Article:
Convolution: What makes a good con from an author’s point of view?

conversationFor the last few years, I have rarely attended a convention where I couldn’t commute from home, and they are few, so I was delighted to invited to attend Convolution, a fairly new convention, held at the Hyatt Regency near the San Francisco airport. It was a bit of a drive, but Dave Trowbridge, my lovely spouse, was invited to be a guest, too, and that meant help for the long, late trudge home over twisty mountain roads. For both of us, the convention was an enjoyable, stimulating, and worthwhile endeavor.

The first thing both of us noticed was the quality of the programming: interesting topics over a wide range of interests. Every event (panels, autographing, reading) that I was included on was something I wanted to be on. The logistics were supportive, too: when I commute, I often face the challenge that the programming folks do not listen when I ask to have my panels grouped together. These folks paid heed, and gave me a wonderful lineup of events. The panels were scheduled every 2 hours, with half an hour for break or wending one’s way along the loooong periphery of each floor.

Registration for guest panelists was smooth and uncomplicated, despite the fact we got there early on Friday afternoon, when chaos typically reigns over convention organization. The Green Room – often a place I dash into and out of because of the loud monologs by a few folks who treat it as their private preserve – was a welcoming place, in no small way due to the warmth and friendliness of the volunteers staffing it.

As a result of having many panels at the same time and the remoteness of the locations, many events were sparsely attended. (Not all, as Dave told me that one of his panels – Religion in SF – was packed.) At first, I found this a bit disappointing, until I wandered into the GoH klatch (informal discussion) and found myself in a room with 4 other people and Tanya Huff, so I have decided it did have its compensations!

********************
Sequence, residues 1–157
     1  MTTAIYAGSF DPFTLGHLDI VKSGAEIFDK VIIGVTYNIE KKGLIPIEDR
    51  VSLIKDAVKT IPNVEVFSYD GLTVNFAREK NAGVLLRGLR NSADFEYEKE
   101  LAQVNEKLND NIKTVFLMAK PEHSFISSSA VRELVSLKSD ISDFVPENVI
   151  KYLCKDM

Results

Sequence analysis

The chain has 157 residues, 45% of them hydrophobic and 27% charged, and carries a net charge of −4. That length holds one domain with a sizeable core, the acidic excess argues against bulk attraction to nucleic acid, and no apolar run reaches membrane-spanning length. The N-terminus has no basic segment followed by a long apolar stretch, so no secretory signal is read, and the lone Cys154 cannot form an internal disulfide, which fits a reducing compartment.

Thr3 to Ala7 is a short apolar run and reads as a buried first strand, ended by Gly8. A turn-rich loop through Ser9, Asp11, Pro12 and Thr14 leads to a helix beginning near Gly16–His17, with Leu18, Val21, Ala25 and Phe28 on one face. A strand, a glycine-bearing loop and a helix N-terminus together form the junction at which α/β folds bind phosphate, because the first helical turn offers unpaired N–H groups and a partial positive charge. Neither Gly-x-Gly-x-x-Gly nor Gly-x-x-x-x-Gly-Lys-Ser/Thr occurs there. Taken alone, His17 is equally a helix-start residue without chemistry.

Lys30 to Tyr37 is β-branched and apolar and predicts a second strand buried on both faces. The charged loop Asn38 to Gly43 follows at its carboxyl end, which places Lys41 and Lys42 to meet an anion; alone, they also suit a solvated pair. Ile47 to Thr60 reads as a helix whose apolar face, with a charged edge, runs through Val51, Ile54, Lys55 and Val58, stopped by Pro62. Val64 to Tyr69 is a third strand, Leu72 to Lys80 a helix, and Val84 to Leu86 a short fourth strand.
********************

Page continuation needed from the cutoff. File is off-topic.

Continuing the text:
A few downsides: There were a number of errors in room locations for various events; some appeared to be scheduled in two places at once with no signage as to which was the correct location. The hotel itself was suboptimal. Few spaces created natural meeting places or “community centers” for the convention. Instead, it felt as we were rattling around in a much larger, mundane place. Many of the panels and other events were in conference rooms located along room corridors. This exacerbated the problem of confusing or inaccurate locations.

The hotel restaurant seemed ill-prepared to serve hungry convention-goers, particularly on Friday night. Then the restaurant was closed and only a few tables afforded dining in the bar area. Our party of 5 (BVC folks and allies) was told to wait until one of these limited tables opened up, until we asked to speak with a manager. The food, although good, was quite pricey, even by hotel standards. Most other convention hotels offer lower-priced fast-food items as an alternative to elegant, leisurely dining. Parking was expensive, even with the discount, which is only to be expected for an airport hotel.

My scheduling began Friday afternoon with a panel on Classics of SF with Dave, moderator Brad Lyau, and Artist GoH Jeff Sturgeon. Instead of listing the same old Golden Age repertoire, we dived into a lively discussion of what makes a classic, where do we draw the boundaries of science fiction, what were our gateways to the genre, what works should every literate person be familiar with, and what works might be retrospectively added. Brad brought his academic expertise, particularly in the area of international science fiction, for added perspective. And the rest of us were brilliant.